Thomas Brower was a 57-year-old fishing boat captain of 45-foot scalloper F/V Vengeance. In the late afternoon hours of March 2, 2015, Tom boarded the Vengeance which was tied up at a small pier in Point Pleasant, NJ. His purpose was to insure a fuel valve was closed so as to prevent water pollution during a fuel transfer. When Mr. Brower got to the pier, to board the vessel he had to step down to a small platform alongside the pier installed to bridge the gap between the boat’s deck and the pier. The platform was about 3’ below the rail of the boat over which he had to climb to get to the boat’s deck. To get over the rail, Mr. Brower had to put one foot into a scupper hole at the bottom of the boat’s railing then lift his other foot up to the rail, then hop up with his first foot then hop down to the boat. When he landed, his right foot slipped on the deck, which also had no anti-skid coating, and twisted violently, causing to fall.
A Closer Look at Mr. Brower’s Injuries
The severe twisting of Mr. Brower’s foot caused several bones in his foot to fracture and resulted in a lis franc fracture. He had surgery to treat his lis franc fracture on March 16, 2015, at Ocean Medical Center. After that, he had physical therapy for one-year post-surgery. Upon the completion of physical therapy, a functional capacity evaluation found that Mr. Brower will never again be able to work at sea because of his ongoing physical limitations.
The Evidence We Presented at Mediation Was Persuasive
Although the defendants claimed they had no liability, and Mr. Brower’s damages were overstated, we were able to settle Mr. Brower’s claim for $450,000.
While the defendant argued that Mr. Brower, as captain of the boat, could have obtained a platform that would have prevented the injury, we successfully argued for our client’s fair compensation. We argued that the vessel owner has a non-delegable duty to provide seamen with a safe way to get on the boat and we presented compelling evidence that the vessel owner did not do so in this case. Specifically, we presented photos, the expert report of an experienced marine engineer, and the report of an expert medical witness. This evidence established that the lack of non-skid coating on the platform and the rail, the lack of proper boarding equipment, and other factors, led to Mr. Brower’s fall and resulting injuries.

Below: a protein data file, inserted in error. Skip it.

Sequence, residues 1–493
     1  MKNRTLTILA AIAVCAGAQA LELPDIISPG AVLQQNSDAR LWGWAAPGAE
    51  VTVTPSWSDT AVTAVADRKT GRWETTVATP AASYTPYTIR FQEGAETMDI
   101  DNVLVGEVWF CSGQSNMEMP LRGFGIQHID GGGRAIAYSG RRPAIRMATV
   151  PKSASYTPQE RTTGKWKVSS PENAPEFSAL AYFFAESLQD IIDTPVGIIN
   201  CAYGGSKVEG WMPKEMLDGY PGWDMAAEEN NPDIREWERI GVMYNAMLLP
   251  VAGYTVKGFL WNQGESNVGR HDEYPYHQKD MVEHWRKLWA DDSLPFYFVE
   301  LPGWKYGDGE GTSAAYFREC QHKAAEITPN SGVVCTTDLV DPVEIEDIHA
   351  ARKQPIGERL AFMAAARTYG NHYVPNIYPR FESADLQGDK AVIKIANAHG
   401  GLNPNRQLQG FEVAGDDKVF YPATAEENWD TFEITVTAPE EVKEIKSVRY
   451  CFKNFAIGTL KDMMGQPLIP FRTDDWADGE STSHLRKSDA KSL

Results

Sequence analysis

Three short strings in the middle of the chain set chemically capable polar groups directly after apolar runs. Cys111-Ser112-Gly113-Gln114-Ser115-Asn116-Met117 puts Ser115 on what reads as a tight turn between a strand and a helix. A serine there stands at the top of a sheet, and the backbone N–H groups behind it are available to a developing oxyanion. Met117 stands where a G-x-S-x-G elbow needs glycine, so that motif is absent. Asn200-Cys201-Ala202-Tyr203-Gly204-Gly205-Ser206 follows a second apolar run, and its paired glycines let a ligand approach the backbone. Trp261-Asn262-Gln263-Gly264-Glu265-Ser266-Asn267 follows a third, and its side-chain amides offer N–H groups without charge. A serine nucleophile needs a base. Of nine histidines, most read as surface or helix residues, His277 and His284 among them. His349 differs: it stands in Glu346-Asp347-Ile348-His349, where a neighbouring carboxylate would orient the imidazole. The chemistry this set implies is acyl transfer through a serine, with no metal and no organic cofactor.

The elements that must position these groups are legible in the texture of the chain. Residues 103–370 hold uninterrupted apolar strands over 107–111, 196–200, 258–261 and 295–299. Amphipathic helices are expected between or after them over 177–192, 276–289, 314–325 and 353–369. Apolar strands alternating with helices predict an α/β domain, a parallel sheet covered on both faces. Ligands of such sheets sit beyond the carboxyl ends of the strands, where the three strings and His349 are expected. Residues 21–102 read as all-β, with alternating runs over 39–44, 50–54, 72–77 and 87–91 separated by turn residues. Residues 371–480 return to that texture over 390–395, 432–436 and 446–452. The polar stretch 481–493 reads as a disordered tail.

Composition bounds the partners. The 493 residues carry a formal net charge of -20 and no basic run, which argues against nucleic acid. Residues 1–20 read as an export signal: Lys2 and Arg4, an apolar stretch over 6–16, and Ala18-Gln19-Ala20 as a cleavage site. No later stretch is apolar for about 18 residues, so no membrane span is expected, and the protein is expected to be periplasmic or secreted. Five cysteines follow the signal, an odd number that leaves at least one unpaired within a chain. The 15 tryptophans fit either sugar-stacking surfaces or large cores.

Our Client’s Future Is What Is Important
Mr. Brower was 57 years old on the day that he was hurt. Mr. Brower’s injuries have prevented him from working as a commercial fisherman since the date of his accident and will continue to prevent him from working as a commercial fisherman until his projected retirement date. The mediated settlement of $450,000 will compensate Mr. Brower for the injuries that he suffered as a Jones Act seaman.
If you have suffered a maritime-related injury then we encourage you to find out more about your own recovery and about the difference that it can make in your own life. Please contact us online or call us directly at 800.362.9329 us today via this website or by phone to schedule your free consultation with our experienced maritime injury attorneys.